Joe Rosato Jr.
A Muni bus passes through the terminal to pick up passengers. The terminal originally housed trains and rail cars which extended across the Bay Bridge.
If ever there was a time to get a bike, the Giants/Dodgers series might be it.
Rumors are circulating that Muni drivers will stage a sickout when thousands of fans descend on the City to see the two teams play. It would be a gutsy move, not to mention illegal, for the drivers to strike. A flyer distributed among drivers states, "IF WE DON'T COME TO WORK HALF A MILLION PEOPLE WILL NOT GO TO WORK. IT'S TIME TO USE OUR POWER."
The union's official stance is that it opposes such a move. Instead, union reps have been working hard in court to prevent service improvements.
It's hard to say exactly why drivers and the union are unhappy. Management recently changed sick-leave policy and will begin charging all City employees to park in City-owned lots -- just like everyone else. Are drivers annoyed that they're being treated like regular citizens? Management is also trying to cut back on "stand-by pay," whereby drivers are paid to sit around doing nothing in the event that they're needed to cover someone else's shift.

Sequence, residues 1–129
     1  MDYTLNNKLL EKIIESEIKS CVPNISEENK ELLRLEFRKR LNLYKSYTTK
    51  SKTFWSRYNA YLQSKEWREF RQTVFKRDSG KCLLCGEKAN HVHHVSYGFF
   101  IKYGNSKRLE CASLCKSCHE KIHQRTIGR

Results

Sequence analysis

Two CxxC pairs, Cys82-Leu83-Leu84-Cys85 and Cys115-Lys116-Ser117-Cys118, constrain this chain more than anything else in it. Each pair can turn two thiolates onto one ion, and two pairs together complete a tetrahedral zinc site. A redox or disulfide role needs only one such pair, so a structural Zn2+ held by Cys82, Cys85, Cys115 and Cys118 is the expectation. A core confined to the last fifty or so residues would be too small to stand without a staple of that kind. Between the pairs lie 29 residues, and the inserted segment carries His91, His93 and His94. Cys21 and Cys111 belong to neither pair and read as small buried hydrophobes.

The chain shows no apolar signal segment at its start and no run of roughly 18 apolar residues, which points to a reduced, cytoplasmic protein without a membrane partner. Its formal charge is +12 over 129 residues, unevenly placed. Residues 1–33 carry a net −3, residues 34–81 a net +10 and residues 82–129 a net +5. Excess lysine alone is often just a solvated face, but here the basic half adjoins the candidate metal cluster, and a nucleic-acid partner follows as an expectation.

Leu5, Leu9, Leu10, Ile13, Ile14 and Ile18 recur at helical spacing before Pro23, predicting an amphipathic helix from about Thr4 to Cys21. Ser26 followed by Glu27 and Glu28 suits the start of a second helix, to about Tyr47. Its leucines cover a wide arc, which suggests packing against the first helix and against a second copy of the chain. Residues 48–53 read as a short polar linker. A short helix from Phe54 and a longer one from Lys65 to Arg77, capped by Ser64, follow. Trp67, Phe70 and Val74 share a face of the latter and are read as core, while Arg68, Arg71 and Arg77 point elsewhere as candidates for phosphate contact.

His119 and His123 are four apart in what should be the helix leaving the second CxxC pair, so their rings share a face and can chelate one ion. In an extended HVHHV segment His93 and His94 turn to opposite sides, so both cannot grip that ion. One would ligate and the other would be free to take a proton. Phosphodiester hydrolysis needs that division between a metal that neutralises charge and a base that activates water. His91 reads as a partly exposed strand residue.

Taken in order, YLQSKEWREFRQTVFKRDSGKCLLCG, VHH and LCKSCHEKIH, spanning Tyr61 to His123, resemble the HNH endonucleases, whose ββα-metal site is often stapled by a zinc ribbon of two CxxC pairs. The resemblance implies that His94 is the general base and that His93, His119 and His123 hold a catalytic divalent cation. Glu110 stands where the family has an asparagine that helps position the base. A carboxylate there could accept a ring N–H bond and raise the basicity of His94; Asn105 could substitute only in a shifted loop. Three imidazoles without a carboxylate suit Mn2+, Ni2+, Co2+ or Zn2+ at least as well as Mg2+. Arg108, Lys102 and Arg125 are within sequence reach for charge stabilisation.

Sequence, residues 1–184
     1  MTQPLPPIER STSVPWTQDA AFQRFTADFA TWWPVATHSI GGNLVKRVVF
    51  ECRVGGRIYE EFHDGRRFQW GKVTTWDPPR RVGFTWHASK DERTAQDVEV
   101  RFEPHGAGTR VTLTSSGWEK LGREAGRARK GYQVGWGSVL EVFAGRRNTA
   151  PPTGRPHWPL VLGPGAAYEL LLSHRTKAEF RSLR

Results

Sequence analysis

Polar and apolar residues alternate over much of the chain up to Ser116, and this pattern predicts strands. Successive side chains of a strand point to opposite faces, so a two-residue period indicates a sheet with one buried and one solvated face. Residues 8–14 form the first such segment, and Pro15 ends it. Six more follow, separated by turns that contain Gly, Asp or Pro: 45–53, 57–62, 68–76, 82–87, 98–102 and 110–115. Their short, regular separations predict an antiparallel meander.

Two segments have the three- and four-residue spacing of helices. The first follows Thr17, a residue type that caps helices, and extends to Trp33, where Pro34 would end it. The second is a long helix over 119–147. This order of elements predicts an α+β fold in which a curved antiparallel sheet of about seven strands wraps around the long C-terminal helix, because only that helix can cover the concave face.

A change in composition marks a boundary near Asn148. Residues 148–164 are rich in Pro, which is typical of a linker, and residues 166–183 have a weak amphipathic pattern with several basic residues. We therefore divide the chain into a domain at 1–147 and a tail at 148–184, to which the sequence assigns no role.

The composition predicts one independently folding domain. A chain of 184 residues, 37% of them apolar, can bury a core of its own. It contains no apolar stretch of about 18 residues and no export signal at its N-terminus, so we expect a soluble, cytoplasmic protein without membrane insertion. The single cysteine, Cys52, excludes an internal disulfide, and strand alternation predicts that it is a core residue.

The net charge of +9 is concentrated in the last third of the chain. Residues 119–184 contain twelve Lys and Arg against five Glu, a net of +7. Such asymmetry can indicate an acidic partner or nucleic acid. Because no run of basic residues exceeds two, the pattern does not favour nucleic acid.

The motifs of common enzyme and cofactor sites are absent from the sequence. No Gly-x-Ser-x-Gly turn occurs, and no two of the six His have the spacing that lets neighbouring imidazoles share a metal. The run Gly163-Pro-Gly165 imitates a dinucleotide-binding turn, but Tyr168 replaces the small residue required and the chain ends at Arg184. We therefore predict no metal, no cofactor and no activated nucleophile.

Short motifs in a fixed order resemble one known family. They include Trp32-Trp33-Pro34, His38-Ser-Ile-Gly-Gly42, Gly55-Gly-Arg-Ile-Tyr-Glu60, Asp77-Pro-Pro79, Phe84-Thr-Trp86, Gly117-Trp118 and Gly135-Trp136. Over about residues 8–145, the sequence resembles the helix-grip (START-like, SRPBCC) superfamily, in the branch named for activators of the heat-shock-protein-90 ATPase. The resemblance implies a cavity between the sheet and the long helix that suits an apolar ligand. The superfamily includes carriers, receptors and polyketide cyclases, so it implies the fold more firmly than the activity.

Meanwhile, Supervisor Elsbernd is pushing ballot measure G, which would end a City charter provision giving drivers the second highest pay in the country.
It's a tough time for Muni, with subsidies from the City and state drying up in recent years. The agency has had to get creative to avoid shutting down altogether. Muni is also considering a measure that would charge extra fees to street festivals and farmers markets, which could cost operations like the Inner Sunset Farmers Market $10,000 per year.